I could spend my whole life wondering what if. What if I believed in my writing enough to apply to and go to grad school in my 20s? What if I had instead worked at the feminist press? What ifs are good for conversation, but at a certain age this conversation grows tiresome. And there is so much to love about where I am now. Where I am now is sitting at a reading where the author introduces me to someone who is in their late 20s. Because she is now freelancing full time thanks to a job lay-off. How do you freelance, she asks? She marvels that I have freelanced for 16 years and I downplay it, saying it fits my motherly life and the work just keeps showing up and I work part time. Ah, she is right though, I should marvel at myself. I encourage her to keep applying to jobs she wants even if she thinks she won’t get them. She is rising. Keep going, I say.
And then I am walking through the smoky neighborhood with a mask on next to my friend of 30 years. We are raging against the machine of society as we walk, our cadence familiar and practiced. I slip in the fact that my writerly envy is disappearing after much work. I’m on a path. I keep walking. Through the smoke. I am always arriving, and I write more words to keep me going.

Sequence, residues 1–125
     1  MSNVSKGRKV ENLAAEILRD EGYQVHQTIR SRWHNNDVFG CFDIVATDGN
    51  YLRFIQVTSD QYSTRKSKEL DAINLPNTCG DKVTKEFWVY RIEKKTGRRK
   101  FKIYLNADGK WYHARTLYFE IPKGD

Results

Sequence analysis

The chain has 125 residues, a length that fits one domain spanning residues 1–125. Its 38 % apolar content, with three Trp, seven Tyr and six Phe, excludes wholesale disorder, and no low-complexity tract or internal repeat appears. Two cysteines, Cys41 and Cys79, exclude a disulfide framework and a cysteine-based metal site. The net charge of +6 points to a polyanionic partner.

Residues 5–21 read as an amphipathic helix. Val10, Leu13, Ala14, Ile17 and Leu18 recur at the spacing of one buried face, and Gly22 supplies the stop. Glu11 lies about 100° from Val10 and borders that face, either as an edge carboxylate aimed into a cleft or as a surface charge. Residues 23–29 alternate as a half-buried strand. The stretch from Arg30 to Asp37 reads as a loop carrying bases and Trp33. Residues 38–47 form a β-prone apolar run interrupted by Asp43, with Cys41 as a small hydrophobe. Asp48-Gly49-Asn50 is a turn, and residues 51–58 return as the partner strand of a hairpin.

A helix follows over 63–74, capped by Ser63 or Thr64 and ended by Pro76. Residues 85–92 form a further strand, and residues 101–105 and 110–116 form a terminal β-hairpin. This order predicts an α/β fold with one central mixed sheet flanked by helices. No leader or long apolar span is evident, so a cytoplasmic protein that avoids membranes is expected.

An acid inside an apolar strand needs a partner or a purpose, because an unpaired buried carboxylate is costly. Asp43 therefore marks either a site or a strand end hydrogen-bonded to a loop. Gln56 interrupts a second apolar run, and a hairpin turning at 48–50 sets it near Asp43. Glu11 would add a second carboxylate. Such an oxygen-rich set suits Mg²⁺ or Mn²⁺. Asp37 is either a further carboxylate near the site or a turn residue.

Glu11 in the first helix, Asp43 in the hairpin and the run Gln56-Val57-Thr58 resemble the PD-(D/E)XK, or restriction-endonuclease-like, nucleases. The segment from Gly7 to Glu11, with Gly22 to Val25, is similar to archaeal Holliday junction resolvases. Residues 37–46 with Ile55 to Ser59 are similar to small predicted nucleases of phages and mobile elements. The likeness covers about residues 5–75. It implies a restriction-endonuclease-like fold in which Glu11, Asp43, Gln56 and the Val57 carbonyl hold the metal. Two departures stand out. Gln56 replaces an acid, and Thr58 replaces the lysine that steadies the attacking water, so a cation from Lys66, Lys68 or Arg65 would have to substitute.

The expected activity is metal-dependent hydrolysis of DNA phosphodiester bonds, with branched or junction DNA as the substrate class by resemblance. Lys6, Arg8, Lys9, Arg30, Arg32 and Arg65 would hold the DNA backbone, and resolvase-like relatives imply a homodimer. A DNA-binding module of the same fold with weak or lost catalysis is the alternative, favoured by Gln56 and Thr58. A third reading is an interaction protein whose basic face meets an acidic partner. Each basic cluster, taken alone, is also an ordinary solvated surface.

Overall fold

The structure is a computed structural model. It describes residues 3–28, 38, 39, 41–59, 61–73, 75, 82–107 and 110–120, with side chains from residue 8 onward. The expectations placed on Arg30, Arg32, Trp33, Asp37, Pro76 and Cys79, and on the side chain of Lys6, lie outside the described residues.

Nancy Schatz Alton is the co-author of two holistic health care guides, The Healthy Back Book and The Healthy Knees Book. When she’s not meeting deadlines or teaching writing, she writes poetry and essays and works on her memoir about her daughter’s learning journey. She lives in Seattle with her husband, two teen daughters and one Havanese dogs. Read her blog.
August 17, 2018 § 13 Comments
By Jay Vera Summer
When I first began submitting to online literary magazines seven years ago, I had no idea how the process worked. I felt nervous and intimidated, and it took all of my courage to send something out. I’d submit to one publication, wait, think about the submission literally every day, and then feel dejected and possibly cry when I received a rejection weeks or months later.
Each time I saw a rejection in my inbox, I took it personally. I’d wonder if my writing was trash, if I should give up writing completely. It’d take me a few weeks to rebuild my confidence, then start the process all over, submitting my story or essay to another lit mag, then waiting. If three lit mags rejected something, I abandoned it, figuring the editors knew better than I did.